The Standard American Diet often focuses on meat being the main dish or main attraction that everything else on your plate is centered around. To break this mindset, try practicing using small amounts of animal products as condiments.
For example, on a salad you could add a small sprinkling of bacon bits or grilled chicken breast. On chili you could add a tablespoon of sour cream or cheese.
Think about adopting this habit to even just once per day, reserving the other parts of the day for one-hundred percent plant-based meals. This will most certainly keep you on a whole foods, plant-based diet 90% of the time.
4. Stick to whole foods when possible, but try not to stress too much about it
When we think of plant-based foods we may automatically assume they must be healthy. But many processed foods can be plant-based and not good for us at all. That’s why it’s important to try and focus on whole or minimally processed foods.
These are foods that either remain in their unaltered state, or are processed in a way that keeps the nutritional value intact. In other words, they have not had any of the “good stuff” taken out, and none of the “bad stuff” added.
Examples of whole foods are any that I included in the list above such as, beans and legumes, whole grains, fruits, vegetables, and nuts and seeds. Minimally processed foods like whole-grain pasta or marinara sauce (preferably oil-free) can be healthy depending on the ingredients used.
Learning how to read and decipher food labels at the grocery store can be daunting and time-consuming. There are times when you just won’t feel like doing it so you grab whatever is easiest. This is okay, especially at the beginning of your whole foods, plant-based journey.
As time goes on, looking at labels and researching some of the ingredients starts to become second nature and you can build a list of new grocery store staples that you will regularly be picking up.
One helpful tip that a lot of whole foodies have come to rely on when reading labels is to stick with the five ingredients or less rule. If a product has more than five ingredients or you don’t recognize what they are, it probably isn’t the healthiest option.
Don’t allow yourself, however, to become too obsessed with labels to the point that you feel like giving up. Start replacing highly processed items slowly over time and don’t beat yourself up if you aren’t perfect at it.
As a whole foods, plant-based newbie, it’ll come with time and should not be what deters you from seeking this healthier lifestyle.
5. Keep plenty of plant-based snacks on hand
Finding healthy whole foods, plant-based snacks is not as tough as it sounds. This will save you when you are out of the house and tempted to buy junk food. Or even at home, when hunger strikes and you just need something quick.
Many fruits and veggies can be prepped ahead as healthy snack options, but there are also other plant-based alternatives that will fill you up and curb your craving.
Some very minimally processed snack options might include:
- Nuts: roasted almonds, pistachios, peanuts, or cashews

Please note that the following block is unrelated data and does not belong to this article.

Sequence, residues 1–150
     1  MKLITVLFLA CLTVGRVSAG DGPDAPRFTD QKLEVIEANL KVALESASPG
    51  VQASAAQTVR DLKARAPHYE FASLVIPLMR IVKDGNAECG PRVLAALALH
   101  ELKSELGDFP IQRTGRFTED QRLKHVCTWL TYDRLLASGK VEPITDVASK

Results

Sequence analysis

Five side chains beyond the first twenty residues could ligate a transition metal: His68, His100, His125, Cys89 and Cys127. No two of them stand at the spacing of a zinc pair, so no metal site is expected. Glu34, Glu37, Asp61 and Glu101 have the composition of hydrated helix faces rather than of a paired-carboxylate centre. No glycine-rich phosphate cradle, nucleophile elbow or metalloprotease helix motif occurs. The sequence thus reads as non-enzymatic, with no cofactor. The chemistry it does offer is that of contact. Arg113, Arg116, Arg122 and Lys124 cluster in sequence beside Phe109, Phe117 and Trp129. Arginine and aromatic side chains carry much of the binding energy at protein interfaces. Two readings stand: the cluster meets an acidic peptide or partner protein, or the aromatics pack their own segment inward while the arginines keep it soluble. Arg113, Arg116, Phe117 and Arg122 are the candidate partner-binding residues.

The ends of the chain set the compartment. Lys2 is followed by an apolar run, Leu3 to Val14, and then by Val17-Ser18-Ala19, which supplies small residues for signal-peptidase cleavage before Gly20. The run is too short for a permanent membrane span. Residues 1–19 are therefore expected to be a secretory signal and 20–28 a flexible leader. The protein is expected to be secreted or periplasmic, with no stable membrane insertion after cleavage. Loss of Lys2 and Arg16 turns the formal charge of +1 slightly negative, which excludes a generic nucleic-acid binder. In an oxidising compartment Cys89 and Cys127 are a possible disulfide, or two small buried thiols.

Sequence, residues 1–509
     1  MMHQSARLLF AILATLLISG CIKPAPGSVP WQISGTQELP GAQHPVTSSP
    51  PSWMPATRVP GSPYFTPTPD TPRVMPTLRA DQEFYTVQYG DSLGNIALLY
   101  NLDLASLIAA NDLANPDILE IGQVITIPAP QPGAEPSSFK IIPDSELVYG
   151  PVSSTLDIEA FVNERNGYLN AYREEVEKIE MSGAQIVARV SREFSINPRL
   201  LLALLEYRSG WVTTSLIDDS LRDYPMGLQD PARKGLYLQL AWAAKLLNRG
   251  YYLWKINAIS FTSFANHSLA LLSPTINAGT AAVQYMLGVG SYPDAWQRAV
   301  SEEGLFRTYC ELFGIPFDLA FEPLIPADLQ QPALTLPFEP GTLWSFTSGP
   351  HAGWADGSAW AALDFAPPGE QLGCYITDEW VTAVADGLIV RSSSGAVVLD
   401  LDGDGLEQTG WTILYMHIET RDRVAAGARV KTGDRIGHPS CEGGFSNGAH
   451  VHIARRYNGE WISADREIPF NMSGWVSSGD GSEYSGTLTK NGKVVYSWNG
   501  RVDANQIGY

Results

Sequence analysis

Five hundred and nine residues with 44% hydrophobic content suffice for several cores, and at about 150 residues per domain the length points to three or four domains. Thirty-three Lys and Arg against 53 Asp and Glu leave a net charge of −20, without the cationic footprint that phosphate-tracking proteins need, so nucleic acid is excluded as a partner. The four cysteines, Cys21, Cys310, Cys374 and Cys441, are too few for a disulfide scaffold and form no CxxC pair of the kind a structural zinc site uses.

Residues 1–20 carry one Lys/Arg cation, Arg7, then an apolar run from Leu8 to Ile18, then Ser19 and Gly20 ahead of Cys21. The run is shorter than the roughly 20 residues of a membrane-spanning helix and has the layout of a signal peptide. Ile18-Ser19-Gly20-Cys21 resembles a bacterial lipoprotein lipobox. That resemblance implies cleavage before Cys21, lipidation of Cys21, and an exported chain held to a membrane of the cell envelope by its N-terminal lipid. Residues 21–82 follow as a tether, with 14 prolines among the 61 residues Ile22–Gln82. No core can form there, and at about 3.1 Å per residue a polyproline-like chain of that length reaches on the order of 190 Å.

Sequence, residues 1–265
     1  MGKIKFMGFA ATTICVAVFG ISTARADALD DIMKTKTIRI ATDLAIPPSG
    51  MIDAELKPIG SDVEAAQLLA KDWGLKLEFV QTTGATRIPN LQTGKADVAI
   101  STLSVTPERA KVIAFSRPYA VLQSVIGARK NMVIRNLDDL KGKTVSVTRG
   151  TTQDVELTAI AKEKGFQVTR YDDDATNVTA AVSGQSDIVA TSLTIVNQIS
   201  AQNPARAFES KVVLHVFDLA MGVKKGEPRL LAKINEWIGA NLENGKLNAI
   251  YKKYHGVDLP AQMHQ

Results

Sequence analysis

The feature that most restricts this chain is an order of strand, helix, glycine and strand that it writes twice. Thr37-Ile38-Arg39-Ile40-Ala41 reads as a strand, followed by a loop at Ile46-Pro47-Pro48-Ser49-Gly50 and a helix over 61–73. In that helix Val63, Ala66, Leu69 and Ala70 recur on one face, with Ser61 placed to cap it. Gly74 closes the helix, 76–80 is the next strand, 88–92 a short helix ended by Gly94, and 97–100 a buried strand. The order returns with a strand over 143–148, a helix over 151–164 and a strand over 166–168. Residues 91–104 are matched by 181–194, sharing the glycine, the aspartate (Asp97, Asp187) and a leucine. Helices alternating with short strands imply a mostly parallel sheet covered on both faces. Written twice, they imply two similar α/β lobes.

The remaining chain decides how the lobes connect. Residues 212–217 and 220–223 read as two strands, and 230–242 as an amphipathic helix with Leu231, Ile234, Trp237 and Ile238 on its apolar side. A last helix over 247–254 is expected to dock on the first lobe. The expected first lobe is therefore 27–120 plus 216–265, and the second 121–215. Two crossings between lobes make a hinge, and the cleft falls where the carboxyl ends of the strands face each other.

- Nut butter with celery, apples, or whole-grain crackers
- Roasted chickpeas
- Homemade sweep potato fries
- Kale chips
- Hummus with raw veggies or whole-wheat pita chips
- Fruit smoothies
- Fruit such as bananas, berries of any type, grapes, or fruit salad
- Dairy-free yogurt
- Baked tortilla chips and salsa
- Homemade granola bars
- Minimally processed snack bars (such as Larabars)
Many of these can be found prepackaged at stores if lack of time is a factor, however, try to stick to the five ingredients or less suggestion when possible.
Having a good selection of prepared snacks ready to go will do much to help you stick to a whole foods, plant-based diet for the long haul.
6. Stock your pantry with whole food, plant-based staples
I try to emphasize not trying to overhaul your entire diet over night. In order for changes to stick, they need to be done delicately. This means making subtle dietary changes over time.
Having said that, the transition will go even smoother if you start building a whole foods, plant-based pantry now. During those times when you have no clue what to cook, you can usually create a meal out of the things in your pantry and freezer when you have a good stock of items available.
Here are some things I like to keep on hand at all times:
- Nuts, seeds, and nut butter
- Whole-grain pastas, breads, and tortillas
- Brown rice, quinoa, barley, and oats
- Beans (all types: dried or canned)
- Vegetable broth
- Spices and seasonings
- Nutritional yeast (adds a cheesy flavor to plant-based dishes)
- Canned tomatoes and tomato sauce
- Frozen vegetables (example: broccoli, kale, spinach, carrots, cauliflower, brussels sprouts, corn)
- Frozen fruits for smoothies (example: blueberries, strawberries, mixed fruit, and mangos)
- Dates and maple syrup (natural sweeteners for baking and smoothies)
- Baking ingredients (example: whole grain or gluten free flour, yeast, etc…)
- Dairy-free milk
This is not a comprehensive list, but a good place to start for someone starting out.
7. Don’t get overwhelmed with information
When I first began trying to piece together a week of whole food, plant-based cooking, it was not easy. I really went for it all at once. Cold turkey. All in.
That was a mistake I realized later.
When you are researching whole foods, plant-based recipes, it can be extremely overwhelming. The tips above are all given based on my experience and the experience of some of my closest family members who have been on vegan diets for the past few years now.
The best thing to do is to transition slowly. Find one good book that speaks to you and read that. Or find one good vegan website and try a recipe. Try not to become overwhelmed by googling hundreds of vegan recipes and then trying to build a whole two week menu right off the bat.
A few websites that have been helpful for me to find good whole foods, plant-based recipes includes: Forks Over Knives (based on the documentary), Cookie and Kate (a vegetarian recipe website with whole food and plant-based options), and Minimalist Baker (lots of plant-based recipes that are all very good).
Hope these tips were useful as you begin your whole foods, plant-based journey. For questions or help getting started, feel free to email me at email@example.com.
Leave a Reply